Honoré de Balzac (1799 – 1850) was a French novelist and playwright. His magnum opus was a sequence of short stories and novels collectively entitled La Comédie humaine, which presents a panorama of French life in the years after the 1815 fall of Napoleon.

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Honore’ de Balzac.

Jean -Baptiste Poquelin, popularly known by his stage name of  Moliere (1622-1673) was a French playwright and actor considered to be one of the greatest masters of comedy.

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Auguste-Laurent Burdeau (1851 – 1894) was a French politician writer. He  translated several works of Herbert Spencer and of Schopenhauer into French.  In 1885 he was elected deputy for the département of the Rhône,  He was several times minister and  was elected president of the chamber of deputies

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Auguste Burdeau’s grave

Ferdinand Victor Eugène Delacroix (26 April 1798 – 13 August 1863) was a French painter  who is welknown for his work “Liberty leading the people”.

Delacroix’s ‘Liberty leading the people’ (Photo source Wikipedia. Original in the Louvre museum, Paris)

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Grave of Eugene Delacroix

Jean de la Fontaine (1621-1695) was the most famous French fables writer and one of the widely read poets of the 17th century.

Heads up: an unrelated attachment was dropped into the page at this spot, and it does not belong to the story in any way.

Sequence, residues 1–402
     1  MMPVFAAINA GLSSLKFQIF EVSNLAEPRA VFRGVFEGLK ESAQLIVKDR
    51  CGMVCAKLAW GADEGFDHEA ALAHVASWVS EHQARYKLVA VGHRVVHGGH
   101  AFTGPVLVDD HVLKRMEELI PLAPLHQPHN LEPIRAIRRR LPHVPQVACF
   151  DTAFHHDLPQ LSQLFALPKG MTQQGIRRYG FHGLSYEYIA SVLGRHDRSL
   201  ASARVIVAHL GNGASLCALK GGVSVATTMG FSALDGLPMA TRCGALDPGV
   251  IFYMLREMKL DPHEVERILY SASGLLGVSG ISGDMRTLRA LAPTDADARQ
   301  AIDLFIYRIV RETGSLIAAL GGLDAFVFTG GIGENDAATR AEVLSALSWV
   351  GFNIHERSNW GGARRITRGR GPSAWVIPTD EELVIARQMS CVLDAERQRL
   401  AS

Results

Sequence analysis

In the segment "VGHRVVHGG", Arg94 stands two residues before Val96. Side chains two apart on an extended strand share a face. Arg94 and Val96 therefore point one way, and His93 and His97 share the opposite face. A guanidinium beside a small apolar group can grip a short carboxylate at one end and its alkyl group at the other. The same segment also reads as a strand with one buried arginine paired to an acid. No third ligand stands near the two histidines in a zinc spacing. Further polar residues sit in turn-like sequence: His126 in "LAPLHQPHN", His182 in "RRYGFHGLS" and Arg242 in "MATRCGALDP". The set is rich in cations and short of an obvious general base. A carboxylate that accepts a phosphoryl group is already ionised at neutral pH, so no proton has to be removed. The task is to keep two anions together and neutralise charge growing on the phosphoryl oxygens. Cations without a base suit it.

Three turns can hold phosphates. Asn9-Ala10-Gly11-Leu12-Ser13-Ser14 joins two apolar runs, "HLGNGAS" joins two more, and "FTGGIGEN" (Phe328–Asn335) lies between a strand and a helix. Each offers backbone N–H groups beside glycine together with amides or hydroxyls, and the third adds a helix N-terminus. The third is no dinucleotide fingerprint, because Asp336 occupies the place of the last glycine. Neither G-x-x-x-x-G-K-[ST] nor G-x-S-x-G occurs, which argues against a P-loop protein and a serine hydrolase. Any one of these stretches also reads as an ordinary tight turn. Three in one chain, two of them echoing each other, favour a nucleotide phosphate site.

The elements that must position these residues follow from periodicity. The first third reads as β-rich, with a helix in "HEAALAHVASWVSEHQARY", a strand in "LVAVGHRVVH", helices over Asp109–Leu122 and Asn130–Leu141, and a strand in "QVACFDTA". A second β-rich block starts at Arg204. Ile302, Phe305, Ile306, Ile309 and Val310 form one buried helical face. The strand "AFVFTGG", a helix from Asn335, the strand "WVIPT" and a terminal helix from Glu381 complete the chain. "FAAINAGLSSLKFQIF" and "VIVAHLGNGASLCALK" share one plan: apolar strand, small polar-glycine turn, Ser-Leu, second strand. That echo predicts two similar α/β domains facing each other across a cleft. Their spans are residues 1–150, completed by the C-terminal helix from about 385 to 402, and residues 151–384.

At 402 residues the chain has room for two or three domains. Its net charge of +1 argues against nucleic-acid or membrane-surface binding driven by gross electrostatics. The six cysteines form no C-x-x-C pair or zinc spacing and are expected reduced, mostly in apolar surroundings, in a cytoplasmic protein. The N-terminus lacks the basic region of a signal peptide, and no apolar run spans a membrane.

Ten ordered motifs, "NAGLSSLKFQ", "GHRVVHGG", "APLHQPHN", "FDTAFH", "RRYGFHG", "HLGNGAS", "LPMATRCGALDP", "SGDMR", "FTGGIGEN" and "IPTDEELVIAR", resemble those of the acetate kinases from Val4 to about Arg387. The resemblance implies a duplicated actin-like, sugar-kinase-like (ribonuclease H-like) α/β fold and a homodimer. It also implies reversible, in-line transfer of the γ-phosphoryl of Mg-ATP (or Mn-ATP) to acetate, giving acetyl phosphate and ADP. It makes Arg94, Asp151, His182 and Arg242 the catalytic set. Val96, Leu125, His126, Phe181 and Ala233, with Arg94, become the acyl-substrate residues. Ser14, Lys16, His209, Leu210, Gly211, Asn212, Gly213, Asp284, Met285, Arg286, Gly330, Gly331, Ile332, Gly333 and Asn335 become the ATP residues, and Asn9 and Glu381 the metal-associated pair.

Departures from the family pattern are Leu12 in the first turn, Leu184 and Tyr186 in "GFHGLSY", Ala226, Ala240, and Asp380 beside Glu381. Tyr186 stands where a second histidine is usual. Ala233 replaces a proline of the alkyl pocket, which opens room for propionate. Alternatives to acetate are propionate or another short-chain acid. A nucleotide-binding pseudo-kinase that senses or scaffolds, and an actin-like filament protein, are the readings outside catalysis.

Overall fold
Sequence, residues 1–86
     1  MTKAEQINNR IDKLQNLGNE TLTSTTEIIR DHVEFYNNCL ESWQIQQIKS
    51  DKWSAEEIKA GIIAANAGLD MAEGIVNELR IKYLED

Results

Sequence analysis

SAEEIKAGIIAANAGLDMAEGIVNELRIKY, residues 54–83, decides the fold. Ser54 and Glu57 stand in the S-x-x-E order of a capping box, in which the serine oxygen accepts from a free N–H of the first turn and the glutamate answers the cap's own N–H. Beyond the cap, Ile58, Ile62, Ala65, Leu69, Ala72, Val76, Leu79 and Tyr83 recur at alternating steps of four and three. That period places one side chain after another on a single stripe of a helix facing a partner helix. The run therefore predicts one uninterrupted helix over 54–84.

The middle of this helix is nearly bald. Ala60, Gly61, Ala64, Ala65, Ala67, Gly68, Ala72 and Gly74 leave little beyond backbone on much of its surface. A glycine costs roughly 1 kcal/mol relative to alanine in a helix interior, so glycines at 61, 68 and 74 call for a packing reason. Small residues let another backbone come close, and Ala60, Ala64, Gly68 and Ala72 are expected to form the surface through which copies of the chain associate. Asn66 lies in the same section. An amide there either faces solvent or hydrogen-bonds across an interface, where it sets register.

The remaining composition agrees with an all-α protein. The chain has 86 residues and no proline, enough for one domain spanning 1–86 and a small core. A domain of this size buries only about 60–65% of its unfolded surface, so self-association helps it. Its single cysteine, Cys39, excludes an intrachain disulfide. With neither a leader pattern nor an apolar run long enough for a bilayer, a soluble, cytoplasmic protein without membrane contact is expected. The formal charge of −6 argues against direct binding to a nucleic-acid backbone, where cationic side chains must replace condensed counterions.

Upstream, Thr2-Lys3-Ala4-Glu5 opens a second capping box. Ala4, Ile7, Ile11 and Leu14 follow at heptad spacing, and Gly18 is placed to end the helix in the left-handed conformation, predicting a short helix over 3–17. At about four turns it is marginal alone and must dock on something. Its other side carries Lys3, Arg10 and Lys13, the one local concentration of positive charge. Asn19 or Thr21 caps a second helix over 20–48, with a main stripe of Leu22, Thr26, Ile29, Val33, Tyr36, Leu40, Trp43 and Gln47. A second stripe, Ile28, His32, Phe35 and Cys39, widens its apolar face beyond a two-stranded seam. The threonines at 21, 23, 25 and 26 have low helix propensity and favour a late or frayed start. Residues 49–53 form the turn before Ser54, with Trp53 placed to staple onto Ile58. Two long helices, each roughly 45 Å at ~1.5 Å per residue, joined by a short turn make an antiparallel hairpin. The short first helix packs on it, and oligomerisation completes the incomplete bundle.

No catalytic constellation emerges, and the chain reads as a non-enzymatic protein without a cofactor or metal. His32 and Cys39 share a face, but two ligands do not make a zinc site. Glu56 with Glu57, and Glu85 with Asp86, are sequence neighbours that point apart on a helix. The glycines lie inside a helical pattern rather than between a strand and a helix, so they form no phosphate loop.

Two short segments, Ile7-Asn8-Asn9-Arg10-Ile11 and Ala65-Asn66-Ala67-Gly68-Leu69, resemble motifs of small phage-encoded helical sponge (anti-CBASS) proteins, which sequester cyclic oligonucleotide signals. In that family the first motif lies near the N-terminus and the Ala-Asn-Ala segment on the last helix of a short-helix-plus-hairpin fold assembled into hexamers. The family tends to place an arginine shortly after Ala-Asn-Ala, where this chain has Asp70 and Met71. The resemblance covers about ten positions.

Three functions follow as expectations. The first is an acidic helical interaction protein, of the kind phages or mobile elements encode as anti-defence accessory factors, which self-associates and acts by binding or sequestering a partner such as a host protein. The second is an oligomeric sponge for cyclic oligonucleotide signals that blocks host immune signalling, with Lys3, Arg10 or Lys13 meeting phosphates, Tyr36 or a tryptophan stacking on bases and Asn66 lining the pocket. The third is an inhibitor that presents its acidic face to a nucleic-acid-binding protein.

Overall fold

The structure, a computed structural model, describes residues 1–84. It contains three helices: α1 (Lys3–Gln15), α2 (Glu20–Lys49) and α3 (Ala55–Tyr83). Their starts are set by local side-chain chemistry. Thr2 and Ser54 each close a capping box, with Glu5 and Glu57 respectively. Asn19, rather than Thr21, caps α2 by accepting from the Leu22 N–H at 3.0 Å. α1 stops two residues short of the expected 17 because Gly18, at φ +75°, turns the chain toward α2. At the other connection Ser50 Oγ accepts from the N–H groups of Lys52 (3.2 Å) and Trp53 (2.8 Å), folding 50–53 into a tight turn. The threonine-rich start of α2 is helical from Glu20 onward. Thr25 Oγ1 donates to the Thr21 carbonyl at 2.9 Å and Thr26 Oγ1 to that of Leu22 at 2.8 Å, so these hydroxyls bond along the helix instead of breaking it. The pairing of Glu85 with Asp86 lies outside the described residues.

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Another view of the grave of La Fontaine

Casimir Delavigne was a popular writer and the librarian of the Palais Royal, Amongst his famous works are, École des vieillards, La Princesse Aurilie,  The Messéniennes and La Parisienne. This song became almost as popular as the Marseillaise.

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Casimir Delavigne

Jim Morrison was an American singer and songwriter with ‘The Doors’.Continues to be a popular youth icon. His is one of the most visited graves in the cemetery-

Jim Morrison”s grave

Theodore Gericault was a famous French Romantic painter, whose major work was ‘The Raft of the Medusa’. This work has been reproduced on the lower portion of his tomb.

france-general-to-be-sorted-out-107-gericalli-420Grave of Gericault.

Allan Kardec was the pen name of the French teacher and educator Hippolyte Leon Denizard Rivail (1804-1869). He was the founder of Spiritism.

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Allan Kardec’s grave.

Augustin Eugene Scribe (1791-1861) was a French dramatist and librettist. he is remembered for what is called the ‘well made play’ (piece bien faite), which was popular for over a century and as the libbretist or the writer of the text of many successful grand operas.

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Milosz Magin was a welknown pianist and composer. He was of Polish origin. His grave is  next to Chopin’s tomb in this cemetery in Paris.

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Magin’s grave

I could not find out whose grave is the one below. The inscription reads ‘He loved Stendhall, Pavarotti, Gamine, the Pink Floyd…but at 29 years!